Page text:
Suddenly, he's a star

Columbia teen-ager stars in `Sounder'

Television Preview

January 18, 2003|By Cheryl Lu-Lien Tan | Cheryl Lu-Lien Tan,SUN STAFF

When Daniel Lee Robertson III first heard about auditions for Sounder, he was reluctant to send in a tape.

In the few years the Columbia teen had been acting, he'd trekked to Philadelphia, New York and all over Virginia and Maryland to audition for roles in plays and movies including How Stella Got Her Groove Back. He'd been told many times he was good, but he wasn't the right shade, height or he didn't look the right age.

This time, however, he received a callback. And a call to another audition in New York. And then, he landed the lead.

On Sunday, when ABC airs the new Sounder at 7 p.m., the 16-year-old Robertson will make his starring national debut - an accomplishment that he's savoring after years of parts in local plays and small, non-speaking roles on Homicide: Life on the Street. And the fact that Sounder - based on the children's literary classic - tells the inspirational tale of an African-American teen who perseveres in pursuing his goals despite staggering odds is especially significant to Robertson.

"I hope people take away the message about not taking anything for granted and not giving up on your dreams," said Robertson, an 11th-grader at Friends School of Baltimore. "The boy in the movie, he wanted to read and he wanted to do all these things, and no matter what troubles he faced, he never gave up."

The soft-spoken teen's love for acting began and blossomed early. His parents, Glenda, a retail sales clerk, and Daniel Lee Robertson Jr., a food-business consultant, enrolled him in an arts camp when he was 9. There, he took to the stage and soon landed a role as a child beggar in a Center Stage production of Galileo.

"You get an immediate reaction from the audience and, when they like it, it's one of the greatest feelings ever," he said. "I remember there were these student matinees when the kids would come in. ... There were times when people were screaming and stuff like that because they were enjoying it so much. I was just smiling from ear to ear because I was 10 years old and people were cheering for me."

And, although he never received formal acting training, he began landing small parts in plays in the Baltimore area. Kevin Hooks, director of Sounder, said he chose Robertson out of about 100 teen-agers.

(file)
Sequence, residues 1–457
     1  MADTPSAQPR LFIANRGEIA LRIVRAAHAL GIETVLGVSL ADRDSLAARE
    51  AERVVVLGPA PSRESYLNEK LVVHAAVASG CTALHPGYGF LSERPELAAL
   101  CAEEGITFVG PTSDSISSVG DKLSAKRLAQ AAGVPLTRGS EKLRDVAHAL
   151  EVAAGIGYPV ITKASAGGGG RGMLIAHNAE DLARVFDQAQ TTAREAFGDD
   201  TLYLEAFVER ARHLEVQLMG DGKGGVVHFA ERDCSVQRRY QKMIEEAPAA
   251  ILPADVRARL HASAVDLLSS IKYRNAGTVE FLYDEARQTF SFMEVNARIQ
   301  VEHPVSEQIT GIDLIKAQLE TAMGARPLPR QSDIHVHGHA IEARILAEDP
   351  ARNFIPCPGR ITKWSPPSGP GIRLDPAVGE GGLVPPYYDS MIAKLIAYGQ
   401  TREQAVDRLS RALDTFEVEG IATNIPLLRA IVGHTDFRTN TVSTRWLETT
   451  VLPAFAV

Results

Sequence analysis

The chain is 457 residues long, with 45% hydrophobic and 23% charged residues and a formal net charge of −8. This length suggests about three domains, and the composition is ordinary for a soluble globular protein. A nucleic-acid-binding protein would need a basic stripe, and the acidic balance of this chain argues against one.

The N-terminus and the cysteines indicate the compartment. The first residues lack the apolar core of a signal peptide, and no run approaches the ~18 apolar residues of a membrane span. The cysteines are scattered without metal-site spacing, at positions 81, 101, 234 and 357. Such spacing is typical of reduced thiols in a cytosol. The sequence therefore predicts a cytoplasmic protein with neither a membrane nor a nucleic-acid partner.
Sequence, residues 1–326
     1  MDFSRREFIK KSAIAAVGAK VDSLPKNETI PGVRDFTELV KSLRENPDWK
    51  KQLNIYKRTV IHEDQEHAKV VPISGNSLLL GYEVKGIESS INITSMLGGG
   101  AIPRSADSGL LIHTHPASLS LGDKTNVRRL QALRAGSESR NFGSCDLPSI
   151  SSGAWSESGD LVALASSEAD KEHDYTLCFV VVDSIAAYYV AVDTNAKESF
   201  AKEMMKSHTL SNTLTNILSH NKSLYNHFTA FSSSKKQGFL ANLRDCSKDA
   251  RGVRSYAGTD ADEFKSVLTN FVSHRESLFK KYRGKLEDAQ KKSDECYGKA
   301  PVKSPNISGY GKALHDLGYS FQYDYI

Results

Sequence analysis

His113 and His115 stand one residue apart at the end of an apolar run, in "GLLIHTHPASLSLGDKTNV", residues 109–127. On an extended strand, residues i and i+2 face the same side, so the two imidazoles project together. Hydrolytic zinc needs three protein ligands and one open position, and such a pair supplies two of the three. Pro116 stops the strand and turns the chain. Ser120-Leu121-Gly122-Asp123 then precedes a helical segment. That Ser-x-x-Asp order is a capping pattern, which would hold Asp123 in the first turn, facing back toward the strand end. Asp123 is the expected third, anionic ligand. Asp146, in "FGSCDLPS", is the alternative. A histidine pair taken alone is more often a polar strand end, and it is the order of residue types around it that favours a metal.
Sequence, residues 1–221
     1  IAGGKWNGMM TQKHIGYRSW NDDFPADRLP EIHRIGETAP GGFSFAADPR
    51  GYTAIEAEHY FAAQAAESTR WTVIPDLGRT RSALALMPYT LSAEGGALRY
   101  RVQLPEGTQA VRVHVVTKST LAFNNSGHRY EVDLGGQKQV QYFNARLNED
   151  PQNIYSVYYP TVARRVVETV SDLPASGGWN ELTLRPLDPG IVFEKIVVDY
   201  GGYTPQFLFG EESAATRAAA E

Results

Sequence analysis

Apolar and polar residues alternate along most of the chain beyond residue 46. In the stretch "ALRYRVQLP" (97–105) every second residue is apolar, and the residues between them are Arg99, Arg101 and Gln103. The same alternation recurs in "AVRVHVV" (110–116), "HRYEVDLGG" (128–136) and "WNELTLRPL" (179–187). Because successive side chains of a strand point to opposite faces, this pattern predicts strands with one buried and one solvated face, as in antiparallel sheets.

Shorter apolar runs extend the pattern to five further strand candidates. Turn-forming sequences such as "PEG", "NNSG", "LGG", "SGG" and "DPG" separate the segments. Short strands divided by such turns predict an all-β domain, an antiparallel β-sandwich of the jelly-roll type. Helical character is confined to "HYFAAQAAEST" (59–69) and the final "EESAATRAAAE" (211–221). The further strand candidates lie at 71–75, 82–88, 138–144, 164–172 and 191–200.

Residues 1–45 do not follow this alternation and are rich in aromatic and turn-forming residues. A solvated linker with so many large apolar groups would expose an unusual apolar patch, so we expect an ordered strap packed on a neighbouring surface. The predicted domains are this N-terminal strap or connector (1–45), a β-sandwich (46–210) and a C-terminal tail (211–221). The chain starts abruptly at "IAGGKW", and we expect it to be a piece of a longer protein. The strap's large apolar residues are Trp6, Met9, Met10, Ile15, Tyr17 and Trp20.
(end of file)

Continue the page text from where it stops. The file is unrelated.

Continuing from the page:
"When I saw Daniel Lee, I was immediately struck by the compassion and the sensitivity that his face sort of held, that he was able to reflect the subtext of the material with his eyes and with his expressions," Hooks said. "And so much of this story is about the unspoken word. It's about the looks and the things that go unsaid between the father and the son and the son and the mother that you need an actor who can reflect that.

"Secondly," he added, "you need an actor who is intelligent and mature enough to understand the subtext of the material but who is also at a crossroads between boyhood and manhood himself because it's very difficult to direct that."

Hooks was especially invested in Robertson's role because the director had played the young boy in the 1972 Sounder, which starred Cicily Tyson and Paul Winfield.

"This was a very, very unique situation for me as a director because I have never had the opportunity to direct an actor in a role that I had originated or even played before," said Hooks, who most recently directed the television series Philly and Soul Food. "So I also had tremendous insight into the character."

Robertson said he was initially worried he would disappoint Hooks. "But he told me to forget about the movie, to forget it completely," Robertson said. "He said this is my movie, to do it the way I want to, not the way he would."

Both Robertson and Hooks said they were glad the movie is going to air the day before Martin Luther King Jr. Day.

"The earlier film was right on the heels of the civil rights movement and the assassination of Martin Luther King Jr., and his message and his vision for world peace had resonated throughout the world so recently that I really think it had an impact on how people received the film," Hooks said. "But even in 2003, the vision of Sounder and its message of humanity and compassion is totally consistent with Martin Luther King Jr.'s message.

"It's pretty clear that during the past 30 years since Sounder was first released, we have become much more savvy and sophisticated with regard to how we deal with racial issues," Hooks added. "But I also believe that when you see the events that led up to the resignation of Trent Lott most recently, it brings to light the sort of subconscious racism that does exist in the United States. And that we are still vulnerable to that weakness, so I think that the message is as important now, if not more important, than it was then because racism in 1965 was a lot more overt than it is now."

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